American Horror Story Recap: Ding Dong, Some Witches Are Finally Dead

Well, we made it. Some of us might have been dismembered and reanimated along the way, but we've reached the season finale of American Horror Story: Coven. As much as it hurts to do it, it's time to say goodnight to this selfish, murderous, and lovable pack of jerks.
But, not before we open with Stevie Nicks shuffling through Miss Robichaux's in a top hat, lip-synching "Seven Wonders" (in case you didn't get the connection by now). Everyone's prepping for the big day when they reveal the new Supreme: Misty's in the herbarium, twirling. Zoe, the brain, is studying and also levitating. Madison's naked and setting things on fire. Queenie's throwing bones at a picture of Nan.
The witches have a last supper, framed to resemble a certain well-known painting, of caviar and blini. Myrtle presides over the whole ritual, beginning with telekinesis — apparently, Madison's bailiwick. Then they move on to "concilium," which means "mind control" in the AHS world. (In our world, it's a venerated Catholic journal of theology.) Queenie and Misty make each other hurt themselves, while Madison and Zoe get into a thought-control tug-of-war with Kyle as their puppet. Myrtle smokes her red Nat Shermans with increasing impatience.
Then they all go to hell with a Latin recitation that would make the editors of Concilium none too happy. Queenie returns to her endless line of fried chicken customers, while Madison is forced to play Liesl von Trapp in a live network remake of The Sound of Music (har har). Zoe's version of emo hell is breaking up with Kyle over and over. All of them return to the waking world with a gasp.
Misty, however, is stuck in her personal netherworld of biology class, in which she's repeatedly forced to gut a frog with a scalpel while horrible little children laugh at her. By sunrise, Myrtle and Madison are drinking Vespers, but Misty's still not back. The last grain of the hourglass falls, and her body disintegrates into dust. Bye, Misty.
The mourning period doesn't last long, though. The girls start a game of tag with their powers of "transmutation" — AKA teleportation, not the alchemical practice of turning lead into gold, in case you were wondering. But, whoops! Zoe transmutates herself (or whatever) onto an iron spike by accident. And, somehow, this seems fitting, since just about everyone in this house has died at least one death already except for her. When Queenie can't reanimate Zoe, it's up to Madison to prove the last display of the Seven Wonders. Instead, she kills and then revives a fly, preferring to keep Zoe dead and Kyle all to herself.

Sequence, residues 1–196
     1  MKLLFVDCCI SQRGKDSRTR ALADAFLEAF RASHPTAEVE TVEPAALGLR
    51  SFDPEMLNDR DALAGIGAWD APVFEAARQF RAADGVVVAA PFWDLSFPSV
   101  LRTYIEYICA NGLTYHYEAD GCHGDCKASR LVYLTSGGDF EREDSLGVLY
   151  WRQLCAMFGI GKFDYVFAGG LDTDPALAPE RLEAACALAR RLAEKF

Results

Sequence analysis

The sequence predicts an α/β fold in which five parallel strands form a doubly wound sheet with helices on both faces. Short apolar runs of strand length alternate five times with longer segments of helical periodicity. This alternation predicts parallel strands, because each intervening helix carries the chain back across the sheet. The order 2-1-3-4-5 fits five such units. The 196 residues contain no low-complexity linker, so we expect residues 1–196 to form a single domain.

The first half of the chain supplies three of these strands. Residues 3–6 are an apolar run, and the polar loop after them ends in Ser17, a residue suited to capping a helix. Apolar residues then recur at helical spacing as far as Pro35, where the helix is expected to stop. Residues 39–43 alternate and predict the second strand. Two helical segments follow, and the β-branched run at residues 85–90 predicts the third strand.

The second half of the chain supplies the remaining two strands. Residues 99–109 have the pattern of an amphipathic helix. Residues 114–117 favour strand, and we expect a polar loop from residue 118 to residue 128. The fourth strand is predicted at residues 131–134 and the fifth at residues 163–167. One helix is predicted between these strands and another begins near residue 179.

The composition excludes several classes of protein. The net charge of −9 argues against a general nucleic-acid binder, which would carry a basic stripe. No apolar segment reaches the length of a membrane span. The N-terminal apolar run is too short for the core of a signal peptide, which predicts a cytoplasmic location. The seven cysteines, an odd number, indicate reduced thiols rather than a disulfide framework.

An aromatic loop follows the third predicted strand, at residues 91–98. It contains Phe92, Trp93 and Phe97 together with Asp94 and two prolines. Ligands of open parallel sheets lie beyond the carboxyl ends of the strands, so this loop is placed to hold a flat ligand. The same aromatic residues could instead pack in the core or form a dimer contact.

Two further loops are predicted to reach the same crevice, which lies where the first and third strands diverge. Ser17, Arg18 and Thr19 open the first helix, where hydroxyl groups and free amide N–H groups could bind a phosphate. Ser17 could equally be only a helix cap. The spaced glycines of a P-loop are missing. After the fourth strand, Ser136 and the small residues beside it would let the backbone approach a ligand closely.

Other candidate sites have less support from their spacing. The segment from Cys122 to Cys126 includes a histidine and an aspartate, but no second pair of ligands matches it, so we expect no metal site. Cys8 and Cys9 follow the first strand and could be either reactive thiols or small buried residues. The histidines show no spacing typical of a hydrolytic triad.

With everyone else out of the competition, Myrtle suddenly reveals she thinks that Cordelia could be the next Supreme. Cordelia sparks a candle's wick with her mind, and for her "concilium," she makes Queenie do some kind of Dancercise version of the "Macarena," which seems more cruel than making her hit herself.
When they get to divination, Cordelia wins handily, scouring the location of a broach within a pile of pebbles. Madison's up next, but she throws a hissy fit and declares, "I'm going back to Hollywood, where people are normal." She goes upstairs to pack, but Kyle's still pissed that she let Zoe die. (Meanwhile, Cordelia's busy reviving Zoe downstairs.) Considering that we're 25 minutes into this episode without a single murder, Kyle correctly judges that it's about time to kill her. After she's been throttled, Spalding then appears and caresses Madison's dead face with a doll's hand, natch. He offers to help Kyle dispose of her body.
Suddenly, Cordelia gets her sight back — and even a shiny new pair of eyeballs! — as Myrtle declares her the new Supreme. Cut to months later: Cordelia has publicly revealed the existence of the coven and tells a cut-rate TMZ reporter that she encourages closeted young witches to seek out Miss Robichaux's Academy, because they were born this way, baby.
Later, as Cordelia sorts through the dossiers of prospective new students, Myrtle enters and confesses, somewhat obliquely, to the murder of the Council. To the tune of "Silver Spring" (of course), she walks slowly and in fish-eye perspective to her stake in the middle of the witch-burning quarry — again. Tearfully, Cordelia sets her alight.
Back at Robichaux's, hundreds of goth girls have gathered outside the gates. Cordelia asks Zoe and Queenie to be her new Council, but suddenly, like Darth Vader, she senses something, a presence she's not felt since...last episode.
Who could it be but the smoking, cancer-riddled skeleton of her mother? Fiona, it turns out, ruined a perfectly good pair of Jimmy Choos in order to convince the Axe Man that he axed her, just so that Cordelia could root out the next Supreme. Fiona tells her daughter that looking at her face was a constant reminder of her own death. "I loved you plenty, though," she says. Aww.
Sitting on the table is the same knife that Fiona used on the previous Supreme, as well as Madison. It's a red herring, though. Cordelia tells her to let go of all of her angry baggage, and Fiona dies, finally, in her arms.
It's not over for her, though. Fiona wakes up in her own version of hell, living with the Axe Man on his uncle's farm, surrounded by catfish and mediocrity and knotty pine, doomed to wake up here every morning for eternity. Papa Legba cackles in the background, because knotty pine's a pain in the ass to clean if it isn't varnished.
Back in the real world, Kyle's dressed up as the new Spalding and opens the door of Miss Robichaux's to dozens of young witches. Cordelia welcomes them into the house and explains the sacred history of the coven, inculcating a new generation of doe-eyed young women with the moral virtues of treachery, murder, and Southern hospitality.
And, as a pig in a tuxedo once said, that's all, folks.

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